• Are wealthier nations healthier nations? A panel data approach to the determination of human development in Africa
    October 2004
    Issidor Noumba

    Many authors did not expect a bright future for the sub-Saharan African countries at the outset of independence in the 1960s. Today, when we look at the African economic, social, and political indicators, we notice that these authors were right. African countries continue to tail the list of developing countries as far as human development is concerned. Poverty is endemic in the region, HIV/AIDS and traditional infectious diseases constitute a serious threat to African health status. Life expectancy at birth is very low and HIV/AIDS prevalence very high. Assuming that health status indicators are good proxies of human development, this paper intends to answer the following queries: (i) What is the extent of health disparities in Africa? (ii) Are wealthier African nations healthier nations? (iii) What are the main determinants of the health status in Africa. The incipient renewal of concern for poverty and equity in health leads us also to ask ourselves whether income inequality and inequality in health status are significant determinants of health outcomes. A simple descriptive statistics analysis show that health status seems to vary not only across countries, but also according to the level of economic development. The paradox story is that wealthier African nations are not necessarily healthier nations. We use the econometrics of panel data to estimate one version of the traditional production function of the health services. The results of our estimates show that GNP per capita is an important determinant of health outcome. Wealthier nations are not always healthier nations, but wealth (income) matters for health. Income inequality and inequality in health status are also strongly correlated with the health status indicators. At the end of the day, the study show that income and inequalities are important determinants of human development in Africa.

  • Macroeconomic growth, sectorial quality of growth and poverty in developing countries: measure and application to Burkina Faso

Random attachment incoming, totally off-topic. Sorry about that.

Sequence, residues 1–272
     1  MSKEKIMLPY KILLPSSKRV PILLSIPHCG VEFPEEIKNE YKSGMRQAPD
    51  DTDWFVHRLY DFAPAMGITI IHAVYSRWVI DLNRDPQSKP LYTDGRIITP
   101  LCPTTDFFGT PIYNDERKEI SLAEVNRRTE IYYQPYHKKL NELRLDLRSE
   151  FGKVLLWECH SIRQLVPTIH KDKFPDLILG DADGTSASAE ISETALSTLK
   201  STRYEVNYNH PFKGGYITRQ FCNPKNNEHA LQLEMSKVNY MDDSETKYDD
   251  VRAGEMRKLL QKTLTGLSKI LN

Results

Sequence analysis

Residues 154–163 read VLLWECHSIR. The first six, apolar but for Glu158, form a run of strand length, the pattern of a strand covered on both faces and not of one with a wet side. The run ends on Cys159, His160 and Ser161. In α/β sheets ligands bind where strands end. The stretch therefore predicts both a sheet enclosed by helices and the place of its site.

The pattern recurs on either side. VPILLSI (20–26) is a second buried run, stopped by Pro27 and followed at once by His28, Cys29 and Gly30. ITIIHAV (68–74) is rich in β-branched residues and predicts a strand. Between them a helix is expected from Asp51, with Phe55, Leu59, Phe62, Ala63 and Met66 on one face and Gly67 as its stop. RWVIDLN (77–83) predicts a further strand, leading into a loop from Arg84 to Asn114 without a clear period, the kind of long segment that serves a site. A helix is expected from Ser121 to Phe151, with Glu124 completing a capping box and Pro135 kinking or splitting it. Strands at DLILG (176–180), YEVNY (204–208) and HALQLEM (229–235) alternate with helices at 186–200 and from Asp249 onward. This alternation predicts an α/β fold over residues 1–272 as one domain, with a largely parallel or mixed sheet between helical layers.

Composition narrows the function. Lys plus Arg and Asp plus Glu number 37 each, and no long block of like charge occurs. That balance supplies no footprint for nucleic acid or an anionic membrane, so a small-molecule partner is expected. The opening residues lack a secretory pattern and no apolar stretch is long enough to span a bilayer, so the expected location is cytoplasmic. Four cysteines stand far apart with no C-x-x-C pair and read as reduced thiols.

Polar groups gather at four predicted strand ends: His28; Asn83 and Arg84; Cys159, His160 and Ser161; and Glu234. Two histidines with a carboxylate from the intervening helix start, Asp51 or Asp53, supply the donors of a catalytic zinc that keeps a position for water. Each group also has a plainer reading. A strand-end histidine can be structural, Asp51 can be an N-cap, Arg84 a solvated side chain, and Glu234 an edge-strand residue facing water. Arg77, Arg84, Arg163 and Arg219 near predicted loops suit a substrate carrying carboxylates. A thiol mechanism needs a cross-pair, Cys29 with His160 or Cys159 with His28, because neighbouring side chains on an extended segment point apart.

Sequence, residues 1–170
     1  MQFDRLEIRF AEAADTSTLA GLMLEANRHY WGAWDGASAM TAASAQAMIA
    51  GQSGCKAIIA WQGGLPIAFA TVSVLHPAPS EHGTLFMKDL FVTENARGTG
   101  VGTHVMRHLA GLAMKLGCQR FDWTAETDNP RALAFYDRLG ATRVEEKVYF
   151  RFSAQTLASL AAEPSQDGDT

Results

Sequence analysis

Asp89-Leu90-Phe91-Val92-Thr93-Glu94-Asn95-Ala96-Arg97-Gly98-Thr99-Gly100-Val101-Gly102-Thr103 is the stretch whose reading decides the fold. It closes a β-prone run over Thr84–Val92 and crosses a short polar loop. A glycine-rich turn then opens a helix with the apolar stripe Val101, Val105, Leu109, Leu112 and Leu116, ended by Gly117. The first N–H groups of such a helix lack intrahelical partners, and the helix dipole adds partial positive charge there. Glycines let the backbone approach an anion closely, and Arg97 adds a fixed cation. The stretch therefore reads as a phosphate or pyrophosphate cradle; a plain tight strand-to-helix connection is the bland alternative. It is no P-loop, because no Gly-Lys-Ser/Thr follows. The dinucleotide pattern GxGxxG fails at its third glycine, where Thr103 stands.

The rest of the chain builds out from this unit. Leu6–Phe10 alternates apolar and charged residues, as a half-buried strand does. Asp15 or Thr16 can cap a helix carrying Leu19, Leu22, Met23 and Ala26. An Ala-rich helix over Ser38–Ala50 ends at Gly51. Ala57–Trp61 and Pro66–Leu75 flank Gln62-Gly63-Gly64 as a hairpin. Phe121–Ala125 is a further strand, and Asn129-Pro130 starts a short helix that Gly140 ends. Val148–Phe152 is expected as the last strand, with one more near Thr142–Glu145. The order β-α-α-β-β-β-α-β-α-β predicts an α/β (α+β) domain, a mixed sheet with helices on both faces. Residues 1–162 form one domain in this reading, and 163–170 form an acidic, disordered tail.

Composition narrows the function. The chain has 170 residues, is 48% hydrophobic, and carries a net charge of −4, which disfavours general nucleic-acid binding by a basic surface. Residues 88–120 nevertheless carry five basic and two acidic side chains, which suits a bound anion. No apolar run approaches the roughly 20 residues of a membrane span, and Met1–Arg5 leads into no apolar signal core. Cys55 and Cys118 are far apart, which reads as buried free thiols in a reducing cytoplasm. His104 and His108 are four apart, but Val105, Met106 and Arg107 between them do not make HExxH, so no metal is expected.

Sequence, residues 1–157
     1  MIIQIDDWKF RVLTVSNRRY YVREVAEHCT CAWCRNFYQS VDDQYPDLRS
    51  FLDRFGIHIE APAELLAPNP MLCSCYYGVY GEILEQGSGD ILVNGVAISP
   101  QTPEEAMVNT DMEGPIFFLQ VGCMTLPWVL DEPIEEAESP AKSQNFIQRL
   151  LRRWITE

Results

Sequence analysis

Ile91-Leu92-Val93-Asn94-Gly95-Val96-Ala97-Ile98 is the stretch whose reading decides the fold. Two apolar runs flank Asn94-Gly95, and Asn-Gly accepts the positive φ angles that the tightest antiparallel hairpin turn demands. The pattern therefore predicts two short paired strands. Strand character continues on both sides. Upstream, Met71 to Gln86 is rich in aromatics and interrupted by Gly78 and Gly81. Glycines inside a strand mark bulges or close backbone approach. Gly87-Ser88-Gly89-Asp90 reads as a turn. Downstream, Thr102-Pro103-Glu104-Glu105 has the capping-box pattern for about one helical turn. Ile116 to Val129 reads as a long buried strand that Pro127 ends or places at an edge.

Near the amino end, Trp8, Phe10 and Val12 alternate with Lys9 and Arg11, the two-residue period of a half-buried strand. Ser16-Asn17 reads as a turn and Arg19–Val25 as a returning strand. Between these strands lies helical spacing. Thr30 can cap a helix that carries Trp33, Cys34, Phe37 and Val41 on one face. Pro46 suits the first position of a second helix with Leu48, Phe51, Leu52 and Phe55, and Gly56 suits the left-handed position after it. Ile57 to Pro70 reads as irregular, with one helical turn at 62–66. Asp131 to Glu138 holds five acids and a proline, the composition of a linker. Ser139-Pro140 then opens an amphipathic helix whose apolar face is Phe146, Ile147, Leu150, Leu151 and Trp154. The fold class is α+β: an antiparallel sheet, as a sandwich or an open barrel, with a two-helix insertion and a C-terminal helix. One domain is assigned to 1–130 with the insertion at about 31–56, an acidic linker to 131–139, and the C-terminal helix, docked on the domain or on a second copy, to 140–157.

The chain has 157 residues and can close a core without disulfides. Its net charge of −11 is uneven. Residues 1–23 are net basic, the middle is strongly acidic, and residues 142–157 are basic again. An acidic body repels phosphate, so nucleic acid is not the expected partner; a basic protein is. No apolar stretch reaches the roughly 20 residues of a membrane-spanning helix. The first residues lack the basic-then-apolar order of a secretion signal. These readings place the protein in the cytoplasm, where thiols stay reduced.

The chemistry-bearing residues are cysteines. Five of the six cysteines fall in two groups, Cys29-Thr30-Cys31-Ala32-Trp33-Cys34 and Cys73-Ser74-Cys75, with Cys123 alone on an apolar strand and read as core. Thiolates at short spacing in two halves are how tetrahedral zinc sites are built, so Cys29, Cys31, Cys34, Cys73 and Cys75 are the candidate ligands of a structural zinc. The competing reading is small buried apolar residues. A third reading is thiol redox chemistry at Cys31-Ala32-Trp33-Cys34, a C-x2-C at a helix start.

October 2004
    Dorothée Boccanfuso and Tambi Samuel Kabore

    Economic growth generally refers to GDP growth. The studies on the link between growth and poverty dynamic (Datt and Ravallion, 1992; Kakwani, 1997; Shorrocks, 1999) measure growth by mean household per capita expenditures. Furthermore, many countries experience at the same time economic growth and growing poverty. It is therefore important to establish a link between these two types of growth. This key link allows a formal shift from macroeconomic growth (GDP growth) to mean per capita household expenditure growth. The purpose of this paper is to discuss the link between macroeconomic growth and mean per capita household expenditure growth with the evidence drawn from Burkina Faso data. The paper also analyzes the impact of sectoral growth on poverty using Shapley value-based decomposition approach. National Accounts consumption - which is smaller - gives greater poverty incidences for 1994 and 1998 compared to the incidence from the surveys’ consumption. An annual 3.99% increase in real per capita consumption based on the survey gives a 13.37% decrease in poverty incidence, while a 6.59% annual growth in GDP yields only 6.59% decrease in poverty incidence. Agricultural sector growth accounts for at least 80% of the decline in poverty incidence, gap and severity.